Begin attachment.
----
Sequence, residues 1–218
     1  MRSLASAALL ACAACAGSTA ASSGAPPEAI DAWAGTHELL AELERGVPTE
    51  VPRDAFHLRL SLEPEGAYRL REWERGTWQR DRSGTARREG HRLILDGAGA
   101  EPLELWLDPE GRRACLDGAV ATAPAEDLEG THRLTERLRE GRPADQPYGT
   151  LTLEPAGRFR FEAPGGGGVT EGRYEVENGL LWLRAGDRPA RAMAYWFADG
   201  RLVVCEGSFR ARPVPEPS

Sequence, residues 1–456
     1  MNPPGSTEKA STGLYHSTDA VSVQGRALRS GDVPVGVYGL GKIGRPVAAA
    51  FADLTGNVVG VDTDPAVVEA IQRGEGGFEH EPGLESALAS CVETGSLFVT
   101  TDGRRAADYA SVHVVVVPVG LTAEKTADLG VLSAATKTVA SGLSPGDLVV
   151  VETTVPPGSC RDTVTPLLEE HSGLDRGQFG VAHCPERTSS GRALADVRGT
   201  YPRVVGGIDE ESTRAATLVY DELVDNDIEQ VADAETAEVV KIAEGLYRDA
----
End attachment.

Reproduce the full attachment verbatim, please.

Sequence, residues 1–218
     1  MRSLASAALL ACAACAGSTA ASSGAPPEAI DAWAGTHELL AELERGVPTE
    51  VPRDAFHLRL SLEPEGAYRL REWERGTWQR DRSGTARREG HRLILDGAGA
   101  EPLELWLDPE GRRACLDGAV ATAPAEDLEG THRLTERLRE GRPADQPYGT
   151  LTLEPAGRFR FEAPGGGGVT EGRYEVENGL LWLRAGDRPA RAMAYWFADG
   201  RLVVCEGSFR ARPVPEPS

Sequence, residues 1–456
     1  MNPPGSTEKA STGLYHSTDA VSVQGRALRS GDVPVGVYGL GKIGRPVAAA
    51  FADLTGNVVG VDTDPAVVEA IQRGEGGFEH EPGLESALAS CVETGSLFVT
   101  TDGRRAADYA SVHVVVVPVG LTAEKTADLG VLSAATKTVA SGLSPGDLVV
   151  VETTVPPGSC RDTVTPLLEE HSGLDRGQFG VAHCPERTSS GRALADVRGT
   201  YPRVVGGIDE ESTRAATLVY DELVDNDIEQ VADAETAEVV KIAEGLYRDA